Colts must make the tough decision

In less than two months, a great confederacy of whores (literal and figurative), and journalists (I use the term advisedly) will descend upon Indianapolis, where we will wonder in unison:

“Why the —- are we here?”

I have nothing against the town, merely the idea of wintering there (having already done it once, covering Mike Tyson’s rape trial, I feel entitled to this position). Just the same, there is a clear answer to the question – a single culprit to blame for this impending fiasco:

Peyton Manning.

There would be no Super Bowl in Indianapolis if not for him. There would be no Lucas Oil Stadium without him. In fact, at 1-13, the Colts themselves seem to have disbanded in his absence. Then again, Manning is never really absent. Even when he’s not physically there, his presence looms impossibly large over the franchise, and now more than ever.

For that reason, the team’s course of action should be just as clear. Again, two words, one answer: Andrew Luck.

Never mind that he didn’t win the Heisman. Or that Manning is suddenly reported to be throwing in pads. Or that the team can fill other needs with the draft. It’s time for the Colts to move on. Perhaps Manning can come back; I don’t know. But the team should never be as it was. The focus can’t be on Manning, but rather, his successor.

The Super Bowl will determine the NFL’s best team. But the identity of the league’s worst team has been known for quite some time. Heading into Week 16, Indianapolis is a game worse than its nearest competitors the Vikings and the Rams. In other words, it’s all but impossible for them to lose the first pick in the draft. That’s the first step toward their rehabilitation, using the pick. The Colts earned it the hard way. Hey, there’s was no point in sucking for Luck if you’re not going to draft him.

Nothing should deter them from this position, certainly not the bleatings of Archie Manning, who suggested a couple of weeks ago that his son and Luck could not co-exist on a team that had formerly been Peyton’s. It’s worth noting that Andrew’s father, Oliver, began the 1983 season as Archie’s backup with the Houston Oilers, and that the proud papas reportedly spoke before the elder Manning offered his initial opinion.

He qualified his remarks the next day, saying that he merely thought Luck was “too good to sit.” That’s not exactly a retraction. Rather, it seems safe to assume that the Lucks and the Mannings will be of one mind, with each camp seeking an unfettered starting job. It’s not too much to think that Oliver would do for his son what Archie did for Eli in steering him away from the San Diego Chargers.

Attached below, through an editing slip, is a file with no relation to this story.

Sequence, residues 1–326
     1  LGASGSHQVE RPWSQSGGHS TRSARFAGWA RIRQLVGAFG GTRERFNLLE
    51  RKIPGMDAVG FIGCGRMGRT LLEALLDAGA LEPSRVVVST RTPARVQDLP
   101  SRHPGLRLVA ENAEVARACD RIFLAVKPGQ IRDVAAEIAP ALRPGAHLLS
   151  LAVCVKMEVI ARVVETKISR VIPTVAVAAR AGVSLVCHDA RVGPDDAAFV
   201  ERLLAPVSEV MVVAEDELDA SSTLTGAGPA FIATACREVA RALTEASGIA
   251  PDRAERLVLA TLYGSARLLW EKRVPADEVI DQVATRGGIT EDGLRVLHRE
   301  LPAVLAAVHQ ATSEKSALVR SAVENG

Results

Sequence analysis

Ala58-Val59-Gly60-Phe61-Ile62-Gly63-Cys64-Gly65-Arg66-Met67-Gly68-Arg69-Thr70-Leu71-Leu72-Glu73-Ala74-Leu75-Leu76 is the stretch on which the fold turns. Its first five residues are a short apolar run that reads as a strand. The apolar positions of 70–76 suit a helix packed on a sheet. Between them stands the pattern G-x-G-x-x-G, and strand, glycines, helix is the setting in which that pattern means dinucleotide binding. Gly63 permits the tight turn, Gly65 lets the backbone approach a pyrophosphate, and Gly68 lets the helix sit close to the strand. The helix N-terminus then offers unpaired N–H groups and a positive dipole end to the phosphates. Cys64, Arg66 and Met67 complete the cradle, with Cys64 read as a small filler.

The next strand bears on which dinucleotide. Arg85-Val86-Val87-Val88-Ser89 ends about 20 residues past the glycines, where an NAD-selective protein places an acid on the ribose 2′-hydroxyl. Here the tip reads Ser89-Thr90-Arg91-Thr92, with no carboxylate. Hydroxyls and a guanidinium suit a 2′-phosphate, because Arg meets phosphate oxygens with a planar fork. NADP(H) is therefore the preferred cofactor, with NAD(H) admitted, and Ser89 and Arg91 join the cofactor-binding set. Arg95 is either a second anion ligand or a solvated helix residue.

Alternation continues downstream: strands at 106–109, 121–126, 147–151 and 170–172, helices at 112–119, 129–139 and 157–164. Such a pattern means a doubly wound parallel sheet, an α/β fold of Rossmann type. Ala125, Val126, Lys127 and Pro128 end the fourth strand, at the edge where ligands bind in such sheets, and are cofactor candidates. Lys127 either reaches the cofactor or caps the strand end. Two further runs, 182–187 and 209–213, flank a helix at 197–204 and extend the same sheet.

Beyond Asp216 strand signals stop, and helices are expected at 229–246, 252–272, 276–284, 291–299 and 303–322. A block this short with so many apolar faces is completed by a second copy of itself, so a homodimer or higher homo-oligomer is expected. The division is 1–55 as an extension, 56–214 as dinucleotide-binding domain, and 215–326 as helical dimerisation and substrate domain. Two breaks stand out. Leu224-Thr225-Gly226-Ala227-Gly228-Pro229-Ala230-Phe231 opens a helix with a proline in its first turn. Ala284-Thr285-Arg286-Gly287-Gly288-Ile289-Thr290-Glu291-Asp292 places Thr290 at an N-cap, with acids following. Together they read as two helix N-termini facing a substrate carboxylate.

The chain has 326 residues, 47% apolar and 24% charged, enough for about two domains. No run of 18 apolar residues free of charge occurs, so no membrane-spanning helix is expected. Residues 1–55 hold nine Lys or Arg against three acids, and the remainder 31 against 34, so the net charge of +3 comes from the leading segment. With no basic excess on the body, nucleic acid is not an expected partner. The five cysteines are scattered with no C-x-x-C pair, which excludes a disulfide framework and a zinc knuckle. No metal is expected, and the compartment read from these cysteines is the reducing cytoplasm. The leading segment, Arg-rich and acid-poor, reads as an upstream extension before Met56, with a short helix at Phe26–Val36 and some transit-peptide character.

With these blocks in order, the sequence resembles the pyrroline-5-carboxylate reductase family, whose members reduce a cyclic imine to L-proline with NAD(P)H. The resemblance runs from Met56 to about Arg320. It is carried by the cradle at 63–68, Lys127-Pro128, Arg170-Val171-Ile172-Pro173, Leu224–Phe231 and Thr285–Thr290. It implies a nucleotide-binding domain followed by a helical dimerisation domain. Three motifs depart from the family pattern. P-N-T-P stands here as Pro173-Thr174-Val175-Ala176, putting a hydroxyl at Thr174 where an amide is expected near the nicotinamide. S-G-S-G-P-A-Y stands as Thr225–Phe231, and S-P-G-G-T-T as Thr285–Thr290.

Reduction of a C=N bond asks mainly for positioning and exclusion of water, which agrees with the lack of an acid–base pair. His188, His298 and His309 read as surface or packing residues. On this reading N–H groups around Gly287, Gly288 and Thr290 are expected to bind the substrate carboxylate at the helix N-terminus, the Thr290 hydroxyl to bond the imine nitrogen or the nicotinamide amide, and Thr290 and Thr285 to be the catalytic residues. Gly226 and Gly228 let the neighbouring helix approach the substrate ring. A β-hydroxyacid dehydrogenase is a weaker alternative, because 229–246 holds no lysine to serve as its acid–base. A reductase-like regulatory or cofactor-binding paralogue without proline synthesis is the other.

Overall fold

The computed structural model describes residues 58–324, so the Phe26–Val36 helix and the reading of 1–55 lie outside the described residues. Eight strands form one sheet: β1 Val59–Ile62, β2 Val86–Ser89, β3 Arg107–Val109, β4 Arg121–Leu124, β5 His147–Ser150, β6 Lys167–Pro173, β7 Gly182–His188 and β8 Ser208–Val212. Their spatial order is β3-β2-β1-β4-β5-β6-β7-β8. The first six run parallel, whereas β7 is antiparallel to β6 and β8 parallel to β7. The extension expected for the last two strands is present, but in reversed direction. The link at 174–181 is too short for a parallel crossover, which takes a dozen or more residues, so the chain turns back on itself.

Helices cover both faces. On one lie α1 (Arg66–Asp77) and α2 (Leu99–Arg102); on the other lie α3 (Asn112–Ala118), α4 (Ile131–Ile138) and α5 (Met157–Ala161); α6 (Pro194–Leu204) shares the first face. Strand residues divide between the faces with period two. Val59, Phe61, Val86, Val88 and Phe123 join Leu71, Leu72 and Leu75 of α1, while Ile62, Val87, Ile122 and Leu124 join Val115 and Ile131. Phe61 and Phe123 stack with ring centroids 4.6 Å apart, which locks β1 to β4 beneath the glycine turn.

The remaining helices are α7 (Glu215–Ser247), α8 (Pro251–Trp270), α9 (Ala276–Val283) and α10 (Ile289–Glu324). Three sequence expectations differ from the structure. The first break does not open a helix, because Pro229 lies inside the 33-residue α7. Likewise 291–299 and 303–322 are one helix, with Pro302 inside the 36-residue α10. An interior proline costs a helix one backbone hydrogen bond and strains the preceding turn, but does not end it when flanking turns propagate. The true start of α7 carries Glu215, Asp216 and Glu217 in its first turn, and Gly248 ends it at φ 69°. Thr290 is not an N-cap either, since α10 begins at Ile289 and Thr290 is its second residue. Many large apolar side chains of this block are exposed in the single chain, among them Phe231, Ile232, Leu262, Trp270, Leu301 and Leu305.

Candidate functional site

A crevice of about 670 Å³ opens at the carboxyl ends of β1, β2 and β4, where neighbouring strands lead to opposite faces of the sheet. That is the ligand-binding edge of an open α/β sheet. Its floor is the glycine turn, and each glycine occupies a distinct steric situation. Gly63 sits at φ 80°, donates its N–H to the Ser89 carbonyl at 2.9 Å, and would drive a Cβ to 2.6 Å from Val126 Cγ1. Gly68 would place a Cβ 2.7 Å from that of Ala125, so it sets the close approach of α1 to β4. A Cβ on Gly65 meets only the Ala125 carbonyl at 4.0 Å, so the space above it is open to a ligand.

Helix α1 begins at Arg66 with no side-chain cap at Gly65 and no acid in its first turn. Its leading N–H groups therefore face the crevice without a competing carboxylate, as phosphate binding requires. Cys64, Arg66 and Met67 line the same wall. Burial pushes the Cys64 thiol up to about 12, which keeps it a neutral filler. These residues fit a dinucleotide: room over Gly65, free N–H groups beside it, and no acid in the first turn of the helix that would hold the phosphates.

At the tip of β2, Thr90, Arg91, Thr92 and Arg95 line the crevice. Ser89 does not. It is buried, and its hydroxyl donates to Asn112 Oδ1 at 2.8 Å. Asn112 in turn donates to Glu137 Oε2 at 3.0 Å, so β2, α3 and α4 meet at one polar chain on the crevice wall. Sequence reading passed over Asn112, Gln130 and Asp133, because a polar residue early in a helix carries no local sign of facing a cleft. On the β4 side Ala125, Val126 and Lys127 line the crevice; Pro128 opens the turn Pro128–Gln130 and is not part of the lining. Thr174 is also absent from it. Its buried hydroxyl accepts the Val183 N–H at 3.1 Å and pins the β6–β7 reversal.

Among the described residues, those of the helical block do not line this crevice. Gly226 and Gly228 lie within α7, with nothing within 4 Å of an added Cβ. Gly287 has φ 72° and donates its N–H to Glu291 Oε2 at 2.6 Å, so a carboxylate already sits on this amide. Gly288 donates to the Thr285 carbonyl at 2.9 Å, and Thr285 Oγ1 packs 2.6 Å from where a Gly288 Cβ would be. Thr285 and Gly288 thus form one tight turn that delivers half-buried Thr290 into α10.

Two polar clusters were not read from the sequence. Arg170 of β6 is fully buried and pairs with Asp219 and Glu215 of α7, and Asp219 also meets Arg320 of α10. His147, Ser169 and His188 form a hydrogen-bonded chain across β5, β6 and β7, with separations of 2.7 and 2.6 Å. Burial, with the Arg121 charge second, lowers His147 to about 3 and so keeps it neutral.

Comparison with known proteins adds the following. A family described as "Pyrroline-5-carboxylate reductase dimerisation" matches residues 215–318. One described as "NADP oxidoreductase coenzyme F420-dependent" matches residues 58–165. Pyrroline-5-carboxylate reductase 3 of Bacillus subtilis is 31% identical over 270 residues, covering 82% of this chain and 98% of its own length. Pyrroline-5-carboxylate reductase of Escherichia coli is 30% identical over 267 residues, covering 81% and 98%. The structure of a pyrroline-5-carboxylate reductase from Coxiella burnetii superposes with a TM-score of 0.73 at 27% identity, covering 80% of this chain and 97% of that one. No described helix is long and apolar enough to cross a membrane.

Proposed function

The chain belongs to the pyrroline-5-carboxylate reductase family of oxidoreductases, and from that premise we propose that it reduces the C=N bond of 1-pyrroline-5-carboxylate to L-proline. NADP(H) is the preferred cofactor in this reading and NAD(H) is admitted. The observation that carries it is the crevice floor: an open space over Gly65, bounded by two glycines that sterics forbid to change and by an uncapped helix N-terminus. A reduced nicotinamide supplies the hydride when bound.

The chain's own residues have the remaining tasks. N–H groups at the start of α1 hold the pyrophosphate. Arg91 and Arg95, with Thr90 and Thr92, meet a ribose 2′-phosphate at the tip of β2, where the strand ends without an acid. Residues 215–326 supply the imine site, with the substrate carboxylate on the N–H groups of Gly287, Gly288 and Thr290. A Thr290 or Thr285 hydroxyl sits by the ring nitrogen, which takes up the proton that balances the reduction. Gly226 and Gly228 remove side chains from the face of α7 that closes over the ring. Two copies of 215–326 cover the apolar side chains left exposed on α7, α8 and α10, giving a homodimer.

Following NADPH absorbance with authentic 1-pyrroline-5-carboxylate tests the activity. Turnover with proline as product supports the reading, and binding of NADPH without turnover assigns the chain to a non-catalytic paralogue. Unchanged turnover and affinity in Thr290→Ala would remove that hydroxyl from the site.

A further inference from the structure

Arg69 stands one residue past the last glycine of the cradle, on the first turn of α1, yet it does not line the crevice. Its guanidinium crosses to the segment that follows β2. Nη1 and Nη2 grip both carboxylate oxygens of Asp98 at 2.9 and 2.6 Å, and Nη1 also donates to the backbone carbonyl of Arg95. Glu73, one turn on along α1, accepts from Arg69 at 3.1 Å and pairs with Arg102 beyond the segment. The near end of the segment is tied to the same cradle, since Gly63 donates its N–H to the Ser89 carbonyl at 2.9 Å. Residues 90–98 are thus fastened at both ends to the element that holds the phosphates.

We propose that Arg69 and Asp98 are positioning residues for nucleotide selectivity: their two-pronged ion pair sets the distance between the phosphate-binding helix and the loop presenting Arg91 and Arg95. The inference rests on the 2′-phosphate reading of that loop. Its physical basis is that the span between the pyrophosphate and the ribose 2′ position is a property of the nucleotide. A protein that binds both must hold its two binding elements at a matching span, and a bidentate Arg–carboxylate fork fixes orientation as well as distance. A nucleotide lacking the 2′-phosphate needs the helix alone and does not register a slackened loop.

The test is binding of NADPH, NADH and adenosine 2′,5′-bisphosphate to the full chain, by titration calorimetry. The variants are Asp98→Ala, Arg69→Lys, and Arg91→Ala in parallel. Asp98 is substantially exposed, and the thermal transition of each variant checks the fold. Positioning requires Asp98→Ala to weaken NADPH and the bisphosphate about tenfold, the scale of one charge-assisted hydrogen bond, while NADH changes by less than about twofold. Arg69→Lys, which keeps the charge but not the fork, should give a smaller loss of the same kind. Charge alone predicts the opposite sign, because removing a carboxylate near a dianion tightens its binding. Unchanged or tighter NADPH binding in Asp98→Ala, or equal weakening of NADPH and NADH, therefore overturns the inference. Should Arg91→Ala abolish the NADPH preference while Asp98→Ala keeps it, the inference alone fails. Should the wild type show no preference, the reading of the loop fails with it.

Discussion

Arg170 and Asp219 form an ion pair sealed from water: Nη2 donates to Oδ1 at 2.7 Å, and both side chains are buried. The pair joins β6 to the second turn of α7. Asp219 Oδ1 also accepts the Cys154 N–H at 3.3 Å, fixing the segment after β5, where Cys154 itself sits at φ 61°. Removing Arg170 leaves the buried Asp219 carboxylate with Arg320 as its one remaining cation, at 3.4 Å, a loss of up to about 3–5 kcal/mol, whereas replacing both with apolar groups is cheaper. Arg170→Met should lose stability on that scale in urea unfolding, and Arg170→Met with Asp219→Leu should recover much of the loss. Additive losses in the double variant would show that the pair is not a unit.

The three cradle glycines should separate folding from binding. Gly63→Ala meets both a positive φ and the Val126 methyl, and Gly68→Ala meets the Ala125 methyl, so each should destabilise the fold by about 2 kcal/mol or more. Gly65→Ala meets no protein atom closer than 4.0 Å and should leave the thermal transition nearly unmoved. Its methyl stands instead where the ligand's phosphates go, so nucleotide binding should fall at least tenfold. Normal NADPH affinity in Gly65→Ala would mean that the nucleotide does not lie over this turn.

But again, that shouldn’t matter – certainly not to another father-son team, that of Colts vice chairman Bill Polian and his son Chris, the team’s general manager.

What was that lockout for, anyway? As far as I’m concerned, the only issue where the owners had a legitimate beef concerned the draft and the huge amounts of money they were forced to gamble on high picks. But Luck doesn’t resemble the risk that a JaMarcus Russell, or even a Sam Bradford, represented. Draft salaries are slotted now. Cam Newton, the first pick in last year’s draft, got four years, $22 million guaranteed. At those prices, Luck is a bargain a lousy team can’t afford to pass up. The Colts would probably make back their money in jersey sales alone.

But what about Manning, you say? Hasn’t he been throwing a football in pads after practice, as Jay Glazer reported on Sunday? Yes, but again, so what? The Colts’ hope that he could somehow make it back this season proved to be wishful thinking. Now what of next year? And the year after? Manning is only coming off his third neck surgery in 19 months.

“It was determined by the doctors that there was no chance he would play this year,” Papa Polian said, responding to Glazer’s scoop. “His rehabilitation has not come far enough to make it prudent for him to step on the field in game action.”

It was a warning to Manning fans, especially those within the organization: don’t get your hopes up.

In many respects, this is a problem Polian and Colts owner Jim Irsay made for themselves when they extended Manning’s contract and frontloaded the terms without insisting on so much as a physical examination. He’s owed a $28 million roster bonus around March 1. For Manning, it makes him virtually untradeable. For the Colts, it makes it almost impossible to rebuild.

That leaves three possible scenarios. First, Manning agrees to restructure his contract, stays on as a starter for a year or two and imparts his great wisdom on a kid who attended his quarterback camps. This makes for a happy ending, but highly unlikely.

The Colts can trade Manning after he receives his bonus.

Or they can cut him.

Either way, it’s time this inevitability dawned on the citizens of Indianapolis: they’re stuck with Luck.